TransLink was asking riders to be patient Monday as many transit users reported long waits getting and activating the new Compass Cards to replace old monthly passes.
The transit authority said the vast majority of 100,000 monthly Compass card users went online this weekend, which resulted in longer than normal delays.
On Monday, TransLink was working with the contractor to fix problems with the roll-out, but said riders could still expect to wait for up to two hours until the money actually shows up on their cards.
"The last few days have been the biggest challenge of our system so far ... It's been a very busy time," said Lloyd Bauer, the Compass Card project's vice president.
However, if riders load up at a station kiosk the amount should be instantly updated, he said.
People had to line up Monday to get their cards. The lineup at the Compass card kiosk at the Stadium-Chinatown SkyTrain station was all the way to the curb at 2:45 p.m. PT.
TransLink is also reminding riders that the paper FareSavers cards have not expired and continue to be accepted on the bus, SkyTrain, SeaBus and HandyDART but are slowly being phased out. It says it won't be selling them after supplies run out likely at the end of the month.
Customers are encouraged to use up their FareSavers and then switch to the Compass Card, TransLink said.
Shutdowns on service
Riders' frustration with the Compass Card roll-out coincided with service disruptions on the Canada, Expo and Millennium lines Monday — the first regular day of work in 2016.
An icy track on the Canada Line forced TransLink to shutdown service between Bridgeport and Marine Drive stations for a short while on Monday morning.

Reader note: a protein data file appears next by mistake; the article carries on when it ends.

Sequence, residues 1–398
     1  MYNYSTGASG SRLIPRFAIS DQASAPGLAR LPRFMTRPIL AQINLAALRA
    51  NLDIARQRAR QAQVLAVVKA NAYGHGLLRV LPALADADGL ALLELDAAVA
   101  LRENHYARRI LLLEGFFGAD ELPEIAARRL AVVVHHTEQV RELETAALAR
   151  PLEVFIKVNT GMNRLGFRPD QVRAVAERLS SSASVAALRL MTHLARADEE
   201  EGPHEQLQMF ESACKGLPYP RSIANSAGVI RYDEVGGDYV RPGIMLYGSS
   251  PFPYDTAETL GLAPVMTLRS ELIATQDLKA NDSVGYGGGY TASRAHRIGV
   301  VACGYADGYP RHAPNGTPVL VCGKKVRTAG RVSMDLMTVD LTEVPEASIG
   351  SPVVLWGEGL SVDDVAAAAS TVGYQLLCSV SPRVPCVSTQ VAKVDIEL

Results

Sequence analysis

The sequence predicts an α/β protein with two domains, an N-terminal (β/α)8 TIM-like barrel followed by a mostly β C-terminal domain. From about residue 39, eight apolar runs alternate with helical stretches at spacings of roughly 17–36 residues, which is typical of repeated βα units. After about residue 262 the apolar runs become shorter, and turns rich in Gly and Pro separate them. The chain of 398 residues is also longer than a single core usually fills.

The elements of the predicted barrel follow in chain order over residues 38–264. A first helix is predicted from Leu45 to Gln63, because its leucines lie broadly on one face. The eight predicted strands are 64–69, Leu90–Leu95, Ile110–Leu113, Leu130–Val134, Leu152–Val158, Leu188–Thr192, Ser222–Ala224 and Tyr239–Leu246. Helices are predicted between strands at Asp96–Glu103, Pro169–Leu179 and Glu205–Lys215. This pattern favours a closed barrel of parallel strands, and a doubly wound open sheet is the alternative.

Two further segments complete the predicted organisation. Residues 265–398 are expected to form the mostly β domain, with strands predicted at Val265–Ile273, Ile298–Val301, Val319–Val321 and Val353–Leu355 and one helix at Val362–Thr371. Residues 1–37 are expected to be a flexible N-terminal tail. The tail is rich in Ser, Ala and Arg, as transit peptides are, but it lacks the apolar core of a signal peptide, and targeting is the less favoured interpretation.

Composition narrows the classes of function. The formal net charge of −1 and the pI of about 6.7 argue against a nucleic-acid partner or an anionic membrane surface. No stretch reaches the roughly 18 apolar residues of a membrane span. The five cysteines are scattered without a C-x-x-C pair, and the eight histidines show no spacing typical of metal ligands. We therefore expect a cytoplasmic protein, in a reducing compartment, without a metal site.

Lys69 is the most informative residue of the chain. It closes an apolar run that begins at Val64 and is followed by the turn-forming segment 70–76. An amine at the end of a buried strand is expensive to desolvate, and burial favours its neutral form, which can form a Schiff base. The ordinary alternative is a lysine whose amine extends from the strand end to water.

TransLink reported the Expo and Millennium lines were also experiencing temporary delays due to an earlier door issue on one of the trains at Stadium Station, but the service was still running.
The breakdowns come on the first regular work day after the Compass Card replaced paper monthly passes.
Switch creates barrier for homeless people
Meanwhile advocates for homeless people in the Lower Mainland say the switch to the Compass Card spells trouble for those who already struggle to pay transit fares. They fear the added requirement of a $6 deposit will make access to transit even harder for some.
"We know that transit is key to exiting homelessness, key to helping people attend appointments, medical appointments, appointments with workers, it's a significant tool for people to utilize to function," said Wanda Mulholland, community development coordinator for the Burnaby Task Force on Homelessness.
Whereas Translink says the Compass Card will create convenience for transit users, Mulholland says the same system poses problems for people who live on the streets.
"When you think of people that are in outlying areas, large geographic areas where services are spread very far, and you look at people who are in Burnaby looking to access shelter in Vancouver ... people without identification trying to access the system that requires access to Internet and ability to pay deposits to function — at every turn, people are facing obstacles in terms of transit."